What can he have been thinking of – that lonely Roman roaming alone in this wilderness of stone…so far from home? Still, it made his name, as he was happy to let us know on a secluded stela, ‘I found the stone’ he wrote. And it was the stone, if you were a Roman. It was just the colour to make your blood run blue, and your urine…?? Did the Egyptians not find this stone, or can it be that they simply did not much like it? Certainly its value was enhanced by its incredible rarity, and the difficulty with which it was obtained from this far flung place. The quarrymen seem to have lived and worked scattered on the top of mountain peaks, but they did come down to the valley to pray at a rather nice temple.
Time to go before the sun sets too low and sheds a purple glow. We do not want to be caught here so far from the road in the dark.
The previous day we had explored another, most imposing, Roman site – also in perfect desert solitude. There had been a temple there, with inscribed stones, too. We had spent some time searching round the ramps and mysterious cairns of the quarry workings until we had found what we sought – an absolutely colossal column which never made it to Hadrian’s masterpiece in Rome.
Next day we head south and then turn inland along an ancient trade route which was controlled by the Roman forts that line the road. I am most captivated by the watch towers that overlook the entire route, apparently always inter-visible with each other, the road, and the forts. However, the main attraction has to be a place of written rocks. Numerous Egyptian kings claim to have come here to collect this special sacred stone. One king even says that he spent time in the library making sure he was getting the right rock. It is a strange stone – fine grained and brittle, it looks blue or purple, but its grey? Was this what made it magical? Time to go once more, and leave the mountains now, past more Roman forts, until we reach the Nile Valley and all that bustle.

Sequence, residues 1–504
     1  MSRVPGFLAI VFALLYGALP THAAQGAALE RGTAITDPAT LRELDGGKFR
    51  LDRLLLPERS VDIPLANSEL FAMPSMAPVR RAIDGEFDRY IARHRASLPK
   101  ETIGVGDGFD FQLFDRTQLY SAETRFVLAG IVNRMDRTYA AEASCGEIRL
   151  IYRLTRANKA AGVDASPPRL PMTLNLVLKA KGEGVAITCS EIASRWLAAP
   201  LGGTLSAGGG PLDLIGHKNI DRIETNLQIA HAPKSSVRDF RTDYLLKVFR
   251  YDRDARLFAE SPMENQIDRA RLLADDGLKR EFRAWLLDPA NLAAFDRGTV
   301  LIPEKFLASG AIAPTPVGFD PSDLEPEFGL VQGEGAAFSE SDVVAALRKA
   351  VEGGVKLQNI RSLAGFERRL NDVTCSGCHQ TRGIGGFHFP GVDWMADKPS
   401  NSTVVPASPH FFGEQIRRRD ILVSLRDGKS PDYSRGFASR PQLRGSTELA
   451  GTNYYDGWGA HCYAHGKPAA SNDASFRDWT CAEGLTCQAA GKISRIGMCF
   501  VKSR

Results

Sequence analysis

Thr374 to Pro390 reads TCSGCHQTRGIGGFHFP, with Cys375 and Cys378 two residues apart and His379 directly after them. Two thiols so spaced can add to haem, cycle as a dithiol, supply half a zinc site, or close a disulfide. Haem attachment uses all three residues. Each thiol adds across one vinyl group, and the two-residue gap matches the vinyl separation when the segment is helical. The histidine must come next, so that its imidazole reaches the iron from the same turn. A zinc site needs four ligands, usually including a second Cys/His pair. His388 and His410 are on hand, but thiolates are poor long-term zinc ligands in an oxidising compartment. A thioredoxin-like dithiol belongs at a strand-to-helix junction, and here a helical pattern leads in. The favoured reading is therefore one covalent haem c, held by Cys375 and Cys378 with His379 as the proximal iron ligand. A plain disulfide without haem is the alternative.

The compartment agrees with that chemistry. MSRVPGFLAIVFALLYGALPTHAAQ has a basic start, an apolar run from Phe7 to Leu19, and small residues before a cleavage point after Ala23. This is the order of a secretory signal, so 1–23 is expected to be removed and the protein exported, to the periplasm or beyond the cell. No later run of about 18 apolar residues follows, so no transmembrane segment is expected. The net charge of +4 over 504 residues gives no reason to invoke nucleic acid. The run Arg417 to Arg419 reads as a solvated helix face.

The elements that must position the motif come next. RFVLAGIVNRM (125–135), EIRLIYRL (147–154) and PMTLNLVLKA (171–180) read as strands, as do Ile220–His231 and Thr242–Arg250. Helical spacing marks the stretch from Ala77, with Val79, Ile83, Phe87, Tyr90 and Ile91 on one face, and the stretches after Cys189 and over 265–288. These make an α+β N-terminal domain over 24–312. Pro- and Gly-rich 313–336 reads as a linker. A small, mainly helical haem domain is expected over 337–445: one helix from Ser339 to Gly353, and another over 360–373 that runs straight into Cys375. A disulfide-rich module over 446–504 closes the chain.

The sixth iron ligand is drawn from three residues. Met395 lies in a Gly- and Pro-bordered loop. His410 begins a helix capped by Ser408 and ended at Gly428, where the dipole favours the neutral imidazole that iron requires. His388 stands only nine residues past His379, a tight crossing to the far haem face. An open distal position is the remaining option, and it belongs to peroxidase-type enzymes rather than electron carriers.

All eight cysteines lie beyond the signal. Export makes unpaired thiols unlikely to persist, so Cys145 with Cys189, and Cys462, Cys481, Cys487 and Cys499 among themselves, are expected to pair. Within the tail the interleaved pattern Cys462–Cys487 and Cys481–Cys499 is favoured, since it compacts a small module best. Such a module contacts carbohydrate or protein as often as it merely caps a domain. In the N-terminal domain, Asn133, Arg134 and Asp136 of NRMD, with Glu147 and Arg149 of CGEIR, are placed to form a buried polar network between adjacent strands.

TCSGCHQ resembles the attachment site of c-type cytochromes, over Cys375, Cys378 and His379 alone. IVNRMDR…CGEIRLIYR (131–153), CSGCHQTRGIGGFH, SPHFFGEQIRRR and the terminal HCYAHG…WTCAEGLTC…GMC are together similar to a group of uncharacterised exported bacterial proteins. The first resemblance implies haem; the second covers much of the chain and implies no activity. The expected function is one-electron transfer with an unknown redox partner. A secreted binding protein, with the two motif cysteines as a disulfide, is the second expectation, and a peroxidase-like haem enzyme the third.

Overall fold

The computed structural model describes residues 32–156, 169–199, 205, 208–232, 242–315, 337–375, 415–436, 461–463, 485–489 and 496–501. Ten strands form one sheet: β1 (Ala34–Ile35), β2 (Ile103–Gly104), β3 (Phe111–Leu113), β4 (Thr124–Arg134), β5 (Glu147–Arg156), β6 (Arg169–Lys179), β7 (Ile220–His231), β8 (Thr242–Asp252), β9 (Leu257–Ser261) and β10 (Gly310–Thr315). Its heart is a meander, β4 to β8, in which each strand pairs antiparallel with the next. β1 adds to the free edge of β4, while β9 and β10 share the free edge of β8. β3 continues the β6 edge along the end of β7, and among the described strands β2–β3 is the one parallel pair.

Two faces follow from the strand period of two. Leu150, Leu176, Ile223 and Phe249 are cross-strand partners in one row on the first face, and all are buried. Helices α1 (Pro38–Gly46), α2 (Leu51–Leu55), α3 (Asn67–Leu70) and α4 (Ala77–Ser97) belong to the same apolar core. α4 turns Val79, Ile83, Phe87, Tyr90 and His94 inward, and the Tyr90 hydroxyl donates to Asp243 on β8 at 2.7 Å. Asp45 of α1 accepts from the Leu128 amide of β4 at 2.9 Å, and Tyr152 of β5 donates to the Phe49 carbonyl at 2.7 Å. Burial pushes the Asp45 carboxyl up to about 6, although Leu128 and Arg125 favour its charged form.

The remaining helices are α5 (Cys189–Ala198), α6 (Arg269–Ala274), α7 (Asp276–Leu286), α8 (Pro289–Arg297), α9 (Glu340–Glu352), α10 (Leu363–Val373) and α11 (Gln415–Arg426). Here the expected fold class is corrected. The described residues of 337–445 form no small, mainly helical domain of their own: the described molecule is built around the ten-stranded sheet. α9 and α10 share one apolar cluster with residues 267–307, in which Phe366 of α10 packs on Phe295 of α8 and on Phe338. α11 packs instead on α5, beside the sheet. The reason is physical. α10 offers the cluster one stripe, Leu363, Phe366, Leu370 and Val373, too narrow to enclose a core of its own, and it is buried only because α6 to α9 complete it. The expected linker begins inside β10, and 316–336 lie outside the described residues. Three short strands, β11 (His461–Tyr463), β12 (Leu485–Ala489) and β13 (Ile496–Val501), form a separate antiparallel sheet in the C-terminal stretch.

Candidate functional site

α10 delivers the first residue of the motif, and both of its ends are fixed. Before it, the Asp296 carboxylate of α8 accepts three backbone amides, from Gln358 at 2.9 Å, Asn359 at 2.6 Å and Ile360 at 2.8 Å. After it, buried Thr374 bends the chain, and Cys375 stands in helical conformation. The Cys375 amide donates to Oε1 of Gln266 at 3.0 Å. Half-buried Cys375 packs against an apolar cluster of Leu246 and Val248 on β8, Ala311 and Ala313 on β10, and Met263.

1. What was the stone found by the lonely Roman?
2. What was the imposing Roman site near which we found the column?
3. Where were the written rocks and the sacred stone?